VoIP Phones: Deterrent to Crime
The Town of Oyster Bay, part of the New York metropolitan area, is the only township in Nassau County, NY, that extends from the North Shore to the South Shore of Long Island.
In recent years, it has progressively installed Voice over Internet Protocol (VoIP) emergency phones throughout its recreational areas, which include more than 2,000 acres of parks, beaches, golf courses, marinas, train stations, municipal buildings, community centers, garages and storage yards.
So it came as no surprise that the Town of Oyster Bay issued a mandate requiring that all new emergency phones with network capabilities comply with VoIP standards.
Township officials approved building a state-of-the-art parking facility, which was to include the latest technological advancements in emergency communications, as well as mass notification systems.
“Our recreational facilities are very busy, with thousands of people using them daily,” said Justin McCaffrey, Commissioner of the Department of Public Safety. “We believe the call boxes are an efficient, quick way to summon assistance. We believe they also provide a reassuring comfort level and act as a deterrent [to crime].”
Amityville-based LPC Inc., specialists in security systems integration and life safety, was commissioned to design a VoIP emergency phone solution for the township’s Hicksville parking facility. With more than two years of reliable service, LPC (Loss Prevention and Communications) has developed a strong partnership with the Town of Oyster Bay.
LPC proposed VoIP-500 Series emergency phones because they are designed to operate seamlessly over a shared digital infrastructure with other IP technologies.
“Our public safety officers provide 24/7 coverage to all town facilities,” McCaffrey said. “Many of our call boxes are equipped with surveillance cameras, which are recording the event, as well as being viewed at the operations center, and can provide updated information to the first responders and public safety staff.”
“The original design was done by a consulting engineer,” said LPC Vice President William Eggers. “However, this did not address all the concerns of implementing a unified solution for emergency phones, card access and CCTV.”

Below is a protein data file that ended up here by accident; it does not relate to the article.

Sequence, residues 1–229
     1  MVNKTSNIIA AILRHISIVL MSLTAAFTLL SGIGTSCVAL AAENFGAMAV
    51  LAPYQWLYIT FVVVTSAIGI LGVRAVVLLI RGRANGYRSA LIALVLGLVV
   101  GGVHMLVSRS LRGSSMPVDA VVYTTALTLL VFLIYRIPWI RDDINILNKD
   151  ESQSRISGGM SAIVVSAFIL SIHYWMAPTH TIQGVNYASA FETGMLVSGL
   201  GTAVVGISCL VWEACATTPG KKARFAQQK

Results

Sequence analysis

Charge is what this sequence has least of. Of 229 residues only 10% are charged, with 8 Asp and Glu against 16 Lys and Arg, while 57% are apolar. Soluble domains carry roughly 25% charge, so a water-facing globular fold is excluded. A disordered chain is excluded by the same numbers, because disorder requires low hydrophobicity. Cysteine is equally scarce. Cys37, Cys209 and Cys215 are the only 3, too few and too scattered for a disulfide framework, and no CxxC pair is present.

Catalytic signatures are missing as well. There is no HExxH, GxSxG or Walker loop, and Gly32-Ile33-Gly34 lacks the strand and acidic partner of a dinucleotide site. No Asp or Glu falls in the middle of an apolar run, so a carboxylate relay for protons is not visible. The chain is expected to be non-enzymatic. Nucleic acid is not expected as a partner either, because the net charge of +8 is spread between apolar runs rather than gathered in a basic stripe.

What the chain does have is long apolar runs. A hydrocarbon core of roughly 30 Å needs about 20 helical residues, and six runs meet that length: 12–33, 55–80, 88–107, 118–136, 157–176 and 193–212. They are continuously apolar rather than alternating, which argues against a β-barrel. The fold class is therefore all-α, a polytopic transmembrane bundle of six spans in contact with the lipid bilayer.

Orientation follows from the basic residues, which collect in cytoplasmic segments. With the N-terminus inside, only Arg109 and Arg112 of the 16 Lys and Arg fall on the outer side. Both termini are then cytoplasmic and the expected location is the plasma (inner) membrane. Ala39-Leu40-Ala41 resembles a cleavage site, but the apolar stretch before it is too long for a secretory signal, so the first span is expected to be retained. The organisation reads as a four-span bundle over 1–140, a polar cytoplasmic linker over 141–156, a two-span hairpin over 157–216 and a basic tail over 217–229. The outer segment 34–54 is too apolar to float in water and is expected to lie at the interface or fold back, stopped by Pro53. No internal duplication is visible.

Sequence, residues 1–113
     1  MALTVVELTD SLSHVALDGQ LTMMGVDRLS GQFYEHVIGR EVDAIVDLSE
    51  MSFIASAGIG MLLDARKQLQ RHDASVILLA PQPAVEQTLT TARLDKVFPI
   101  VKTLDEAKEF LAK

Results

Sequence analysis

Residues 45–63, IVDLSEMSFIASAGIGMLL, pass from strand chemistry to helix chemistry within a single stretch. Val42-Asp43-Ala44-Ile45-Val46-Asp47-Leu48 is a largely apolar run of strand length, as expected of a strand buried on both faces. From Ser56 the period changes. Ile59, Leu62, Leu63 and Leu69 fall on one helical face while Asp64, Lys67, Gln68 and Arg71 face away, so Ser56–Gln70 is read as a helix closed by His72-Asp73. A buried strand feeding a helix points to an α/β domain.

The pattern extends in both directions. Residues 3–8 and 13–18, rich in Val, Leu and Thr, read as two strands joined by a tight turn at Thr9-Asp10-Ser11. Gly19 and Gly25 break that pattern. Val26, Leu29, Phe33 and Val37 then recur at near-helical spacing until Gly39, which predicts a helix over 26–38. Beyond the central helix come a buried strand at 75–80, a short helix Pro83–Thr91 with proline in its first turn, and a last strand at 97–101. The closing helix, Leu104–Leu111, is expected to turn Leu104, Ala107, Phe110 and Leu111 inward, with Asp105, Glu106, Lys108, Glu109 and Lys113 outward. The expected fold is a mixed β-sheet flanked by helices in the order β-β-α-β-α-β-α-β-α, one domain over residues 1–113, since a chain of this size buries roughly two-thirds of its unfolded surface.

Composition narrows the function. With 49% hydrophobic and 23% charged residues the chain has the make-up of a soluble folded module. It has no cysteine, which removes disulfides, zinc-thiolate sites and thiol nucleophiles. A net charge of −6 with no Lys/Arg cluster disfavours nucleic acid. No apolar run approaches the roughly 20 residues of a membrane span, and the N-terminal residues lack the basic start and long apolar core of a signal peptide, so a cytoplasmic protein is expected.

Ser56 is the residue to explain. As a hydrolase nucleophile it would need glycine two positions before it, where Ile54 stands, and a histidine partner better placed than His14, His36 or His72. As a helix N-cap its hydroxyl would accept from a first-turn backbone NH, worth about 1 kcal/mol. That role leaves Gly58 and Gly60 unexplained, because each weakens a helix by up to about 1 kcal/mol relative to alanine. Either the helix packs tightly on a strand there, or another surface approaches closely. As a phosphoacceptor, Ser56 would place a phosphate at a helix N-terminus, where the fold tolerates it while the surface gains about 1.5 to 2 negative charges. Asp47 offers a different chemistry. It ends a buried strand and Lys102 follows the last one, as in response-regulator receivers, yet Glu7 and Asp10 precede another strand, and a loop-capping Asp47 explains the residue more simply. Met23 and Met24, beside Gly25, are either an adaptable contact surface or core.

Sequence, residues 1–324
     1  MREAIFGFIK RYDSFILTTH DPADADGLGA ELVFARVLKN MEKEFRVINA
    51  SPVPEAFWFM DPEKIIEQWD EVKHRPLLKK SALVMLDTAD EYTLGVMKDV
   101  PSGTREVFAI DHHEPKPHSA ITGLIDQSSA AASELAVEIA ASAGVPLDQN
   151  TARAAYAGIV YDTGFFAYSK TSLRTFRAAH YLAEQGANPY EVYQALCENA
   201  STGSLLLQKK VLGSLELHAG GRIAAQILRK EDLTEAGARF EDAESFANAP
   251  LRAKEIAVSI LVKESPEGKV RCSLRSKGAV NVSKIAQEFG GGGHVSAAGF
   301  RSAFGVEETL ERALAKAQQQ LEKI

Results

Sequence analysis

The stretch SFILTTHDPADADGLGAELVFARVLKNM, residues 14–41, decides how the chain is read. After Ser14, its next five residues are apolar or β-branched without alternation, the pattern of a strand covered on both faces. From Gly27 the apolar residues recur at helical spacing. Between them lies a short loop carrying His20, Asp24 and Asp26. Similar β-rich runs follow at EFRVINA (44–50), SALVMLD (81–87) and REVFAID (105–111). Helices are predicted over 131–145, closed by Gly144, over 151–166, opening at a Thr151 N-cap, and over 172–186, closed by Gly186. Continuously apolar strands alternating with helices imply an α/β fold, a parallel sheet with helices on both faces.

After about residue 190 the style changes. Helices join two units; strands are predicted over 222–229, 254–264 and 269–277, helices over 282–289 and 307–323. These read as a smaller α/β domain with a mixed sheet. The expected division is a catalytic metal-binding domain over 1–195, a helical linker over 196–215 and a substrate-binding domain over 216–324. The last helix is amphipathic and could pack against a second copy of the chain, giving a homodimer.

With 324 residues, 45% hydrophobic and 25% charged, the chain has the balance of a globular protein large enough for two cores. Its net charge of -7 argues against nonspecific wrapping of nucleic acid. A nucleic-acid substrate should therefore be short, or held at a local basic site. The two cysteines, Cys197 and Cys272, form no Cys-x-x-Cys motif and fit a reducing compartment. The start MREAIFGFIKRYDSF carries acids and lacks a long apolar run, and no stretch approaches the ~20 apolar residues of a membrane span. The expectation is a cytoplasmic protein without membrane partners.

“We took the lead on the project,” Eggers said, “and coordinated all IP infrastructure with the town’s IT department, while other specialists installed card access and CCTV.”
LPC took the project planning seriously, as running multiple vendors on a shared IP network requires careful consideration. Distance limitations, power requirements and environmental concerns all had to be addressed.
A unified approach quickly proved to be the most technologically advanced and cost-efficient solution for the township. Talk-A-Phone’s WEBS Contact mass notification platform and VoIP emergency phones were configured to be part of the unified system.
The Wide-area Emergency Broadcast System (WEBS) server, as well as the emergency phone system and gateways, are housed at the township’s Department of Public Works. Miles away from the Hicksville parking facility site, it is connected through a fiber network.
Installation of VoIP emergency phones and the WEBS Contact mass notification platform was not new to LPC. Company employees completed a certification course in VoIP telephony and mass notification systems. It offers participants hands-on experience setting up VoIP emergency phones and the mass notification platform.
“The factory training [certification program] definitely helped our technicians during the installation,” Eggers said. “We especially appreciated the hands-on approach. A lot of companies out there like to conduct online training, but I like to have the product in my hands. That way, if something doesn’t work, the trainer is there to show me exactly what I did wrong.”
With certification under its belt, LPC took the lead in the project. The VoIP-500 Series emergency phones were first installed on a test network with other vendors’ products. Because of the crucial nature of emergency calls, “Quality of Service” was implemented to prioritize emergency communications between the township’s phone system, the gateways and the emergency phones.
Extensive planning and staged testing of the entire system by LPC technicians gave the Town of Oyster Bay’s IT department peace of mind.
After configuration of the VoIP emergency phones was complete, all devices were registered with the WEBS Contact mass notification server, enabling it to send audio broadcasts to VoIP units.
The VoIP-500 emergency phones serve dual purposes: They are used as emergency communications devices; they also can be paged at high volume (exceeding 100dB) to deliver site-specific instructions to individual units, groups of units, or all at once.
WEBS Contact allows emergency personnel to issue targeted audio alerts to pre-defined segments of the parking facility with the push of a button. At the same time, the system can deliver SMS (short message service) and e-mails to groups of recipients.
“We are very happy with the system,” McCaffrey said. “It has proven to be reliable, vandal-resistant, and it projects a positive image of safety and security at our facilities.”
Alek Kireyenka, Director of Product Marketing for Talk-A-Phone, can be reached at firstname.lastname@example.org. The system used in Oyster Bay was Manufactured by Talk a Phone
www.talkaphone.com and installed by LPC Inc. www.lpcny.com